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Currencies remained in limbo into Thursday’s economic data announcements.

The Federal Reserve dropped their cash rate for the third time in 2019 from 2.0% to 1.75% and downgraded market expectations of further rate cuts for now. Fed officials removed recent rhetoric from June, July and September’s meeting changing- they would “act as appropriate” for something more subtle. The statement said “The committee will continue to monitor the implications of incoming information for the economic outlook as it assesses the appropriate path”. Eight of the ten officials voted in favour of cutting the rate by 25 points but two disapproved preferring to hold rates unchanged. The Fed statement also noted that business investment and exports remained weak while household spending had increased. In summary Powell’s opening statement sums up the situation well “we believe monetary policy is in a good place, cutting to provide insurance against ongoing risks”- rates could remain steady for some time!? 

Chile have cancelled staging November’s APEC meeting in Santiago overnight after protests against inequality turned to violence. They have also cancelled a United Nations climate change conference planned for early December. This dampens any hopes of achieving a result in “phase one” of the trade agreement between China and the US where the two countries were to due to hopefully sign something at the event. We wait now to hear when leaders will meet again.      

Markets dialled back expectations of a 25 point cut for the November 13 RBNZ meeting overnight as the assistant governor Christian Hawkesby made comment that he has anticipated a total of 60 points would be cut over the next 12 months- this was achieved in the August meeting when the RBNZ cut 50 basis points to 1.0%. The RBNZ will continue to watch incoming data but given third quarter CPI (16th October) surprised to the upside and the Business Confidence index showed improvement at -42.4 we see a good argument for the RBNZ to keep rates on hold.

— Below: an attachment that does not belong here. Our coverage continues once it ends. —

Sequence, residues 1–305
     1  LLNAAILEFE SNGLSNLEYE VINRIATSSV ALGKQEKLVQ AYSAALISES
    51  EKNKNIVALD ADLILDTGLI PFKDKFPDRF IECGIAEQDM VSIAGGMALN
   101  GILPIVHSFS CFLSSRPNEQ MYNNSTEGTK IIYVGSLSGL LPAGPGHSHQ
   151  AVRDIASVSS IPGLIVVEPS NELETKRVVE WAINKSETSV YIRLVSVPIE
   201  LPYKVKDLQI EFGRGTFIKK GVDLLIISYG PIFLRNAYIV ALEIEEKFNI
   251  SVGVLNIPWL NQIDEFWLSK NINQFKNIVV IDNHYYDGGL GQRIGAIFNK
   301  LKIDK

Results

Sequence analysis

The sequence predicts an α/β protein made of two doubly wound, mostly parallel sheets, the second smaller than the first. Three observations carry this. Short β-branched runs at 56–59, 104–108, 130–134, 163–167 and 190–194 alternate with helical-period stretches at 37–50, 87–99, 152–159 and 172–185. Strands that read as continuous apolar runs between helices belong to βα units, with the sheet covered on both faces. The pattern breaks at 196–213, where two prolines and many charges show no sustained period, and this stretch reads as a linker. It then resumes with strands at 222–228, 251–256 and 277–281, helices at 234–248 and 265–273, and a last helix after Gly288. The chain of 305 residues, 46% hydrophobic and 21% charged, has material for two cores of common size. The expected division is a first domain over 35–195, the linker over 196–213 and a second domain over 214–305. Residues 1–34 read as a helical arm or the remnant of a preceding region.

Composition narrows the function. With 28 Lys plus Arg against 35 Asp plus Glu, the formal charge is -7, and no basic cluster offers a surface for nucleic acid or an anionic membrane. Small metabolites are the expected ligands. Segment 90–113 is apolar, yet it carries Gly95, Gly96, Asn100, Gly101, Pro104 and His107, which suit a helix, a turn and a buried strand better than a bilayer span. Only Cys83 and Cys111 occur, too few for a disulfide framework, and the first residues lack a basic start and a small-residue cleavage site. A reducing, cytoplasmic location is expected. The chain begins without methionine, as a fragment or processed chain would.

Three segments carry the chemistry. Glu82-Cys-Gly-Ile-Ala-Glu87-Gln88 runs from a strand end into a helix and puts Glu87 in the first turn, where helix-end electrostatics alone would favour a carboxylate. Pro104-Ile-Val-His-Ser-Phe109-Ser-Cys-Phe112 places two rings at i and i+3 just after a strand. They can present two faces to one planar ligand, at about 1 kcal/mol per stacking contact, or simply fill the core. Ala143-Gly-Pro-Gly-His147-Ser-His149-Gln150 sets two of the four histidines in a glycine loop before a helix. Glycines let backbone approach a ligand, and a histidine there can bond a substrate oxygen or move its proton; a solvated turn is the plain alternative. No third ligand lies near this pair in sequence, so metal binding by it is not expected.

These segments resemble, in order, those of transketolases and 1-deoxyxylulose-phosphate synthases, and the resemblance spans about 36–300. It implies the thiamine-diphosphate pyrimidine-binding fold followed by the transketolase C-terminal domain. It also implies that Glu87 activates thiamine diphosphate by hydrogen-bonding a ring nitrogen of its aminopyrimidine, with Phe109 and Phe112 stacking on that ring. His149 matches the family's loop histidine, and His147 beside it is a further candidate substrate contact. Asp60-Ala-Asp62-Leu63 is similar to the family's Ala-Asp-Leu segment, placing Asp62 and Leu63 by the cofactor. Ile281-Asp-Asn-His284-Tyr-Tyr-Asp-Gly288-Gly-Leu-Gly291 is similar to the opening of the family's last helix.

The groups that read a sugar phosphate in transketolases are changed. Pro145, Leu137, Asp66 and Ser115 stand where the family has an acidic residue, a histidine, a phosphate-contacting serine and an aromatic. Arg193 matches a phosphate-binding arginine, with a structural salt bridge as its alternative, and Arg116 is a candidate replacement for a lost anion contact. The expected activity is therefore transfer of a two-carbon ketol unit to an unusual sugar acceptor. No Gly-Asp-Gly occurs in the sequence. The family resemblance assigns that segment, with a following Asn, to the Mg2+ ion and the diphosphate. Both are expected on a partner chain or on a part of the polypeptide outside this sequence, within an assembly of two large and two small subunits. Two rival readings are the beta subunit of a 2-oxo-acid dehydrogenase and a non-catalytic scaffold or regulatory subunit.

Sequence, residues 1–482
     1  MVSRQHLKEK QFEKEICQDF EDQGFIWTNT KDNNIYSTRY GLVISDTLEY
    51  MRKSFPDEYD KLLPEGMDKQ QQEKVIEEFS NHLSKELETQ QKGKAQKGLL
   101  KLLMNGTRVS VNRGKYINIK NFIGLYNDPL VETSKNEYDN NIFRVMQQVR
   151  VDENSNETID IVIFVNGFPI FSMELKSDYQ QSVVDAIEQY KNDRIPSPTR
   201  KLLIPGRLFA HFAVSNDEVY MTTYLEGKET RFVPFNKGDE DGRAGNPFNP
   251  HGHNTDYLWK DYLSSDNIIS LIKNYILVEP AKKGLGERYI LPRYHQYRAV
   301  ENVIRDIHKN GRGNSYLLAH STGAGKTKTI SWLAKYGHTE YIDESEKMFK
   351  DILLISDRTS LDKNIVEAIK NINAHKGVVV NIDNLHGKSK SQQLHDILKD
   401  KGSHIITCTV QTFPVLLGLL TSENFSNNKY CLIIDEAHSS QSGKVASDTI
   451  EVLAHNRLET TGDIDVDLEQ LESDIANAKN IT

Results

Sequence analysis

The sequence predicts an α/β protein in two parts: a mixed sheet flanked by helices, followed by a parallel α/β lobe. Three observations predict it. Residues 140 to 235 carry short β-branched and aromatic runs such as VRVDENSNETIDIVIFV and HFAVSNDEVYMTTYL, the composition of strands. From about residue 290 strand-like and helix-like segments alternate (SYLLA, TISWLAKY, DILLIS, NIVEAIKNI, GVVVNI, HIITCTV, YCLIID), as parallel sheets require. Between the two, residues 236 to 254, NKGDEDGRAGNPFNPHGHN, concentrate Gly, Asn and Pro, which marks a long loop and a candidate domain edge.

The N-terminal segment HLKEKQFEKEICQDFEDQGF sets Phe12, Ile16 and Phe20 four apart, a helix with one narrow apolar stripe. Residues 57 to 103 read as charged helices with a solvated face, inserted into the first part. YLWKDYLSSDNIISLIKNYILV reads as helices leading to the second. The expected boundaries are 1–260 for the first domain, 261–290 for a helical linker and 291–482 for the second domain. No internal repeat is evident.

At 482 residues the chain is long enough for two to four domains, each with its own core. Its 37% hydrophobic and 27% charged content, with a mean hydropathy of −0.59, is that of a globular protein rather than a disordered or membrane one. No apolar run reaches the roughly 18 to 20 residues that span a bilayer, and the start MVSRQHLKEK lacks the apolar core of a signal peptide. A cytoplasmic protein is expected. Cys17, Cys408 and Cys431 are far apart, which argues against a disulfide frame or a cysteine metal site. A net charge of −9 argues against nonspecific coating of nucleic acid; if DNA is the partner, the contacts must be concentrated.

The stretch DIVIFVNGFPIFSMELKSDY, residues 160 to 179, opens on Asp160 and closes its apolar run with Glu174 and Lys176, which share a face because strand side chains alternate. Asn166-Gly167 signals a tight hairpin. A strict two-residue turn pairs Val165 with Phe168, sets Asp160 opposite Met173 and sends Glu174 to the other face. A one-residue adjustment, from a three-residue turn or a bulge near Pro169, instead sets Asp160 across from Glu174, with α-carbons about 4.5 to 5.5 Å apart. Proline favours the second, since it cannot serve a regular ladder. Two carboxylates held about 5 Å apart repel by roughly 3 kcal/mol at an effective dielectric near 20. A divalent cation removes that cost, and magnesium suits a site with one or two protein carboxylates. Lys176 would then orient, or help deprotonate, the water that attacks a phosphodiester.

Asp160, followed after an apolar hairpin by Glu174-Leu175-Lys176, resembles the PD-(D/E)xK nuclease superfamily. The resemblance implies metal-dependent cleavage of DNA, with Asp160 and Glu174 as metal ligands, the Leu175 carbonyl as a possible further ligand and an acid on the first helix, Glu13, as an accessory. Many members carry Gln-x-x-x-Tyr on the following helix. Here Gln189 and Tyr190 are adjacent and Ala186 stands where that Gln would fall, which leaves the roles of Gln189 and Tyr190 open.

Australia’s third quarter improved CPI and Building Approval m/m figures have also potentially pushed back any expectations of the RBA cutting rates at next week’s policy meeting. Third quarter inflation was bang on expectations but has nudged up the Aussie Dollar across the board. Positivity around evading a bad result buoyed fresh interest in the currency with it rallying higher against the greenback. Opinion still remains split on whether there will be a cut in December or early 2020

The Bank of Canada (BoC) left the cash rate unchanged at 1.75% Thursday morning going against the grain of other central banks who are easing. In the statement by the BoC they said the global economy has weakened further since the Bank’s July policy meeting, citing ongoing trade conflicts and uncertainty which have affected business investment and global growth. The Central bank plan to monitor the global slowdown and its effects on spending, housing activity and fiscal policy. The Canadian economy is expected to slow in the second half of this year before modestly improving in 2020 through 2021.

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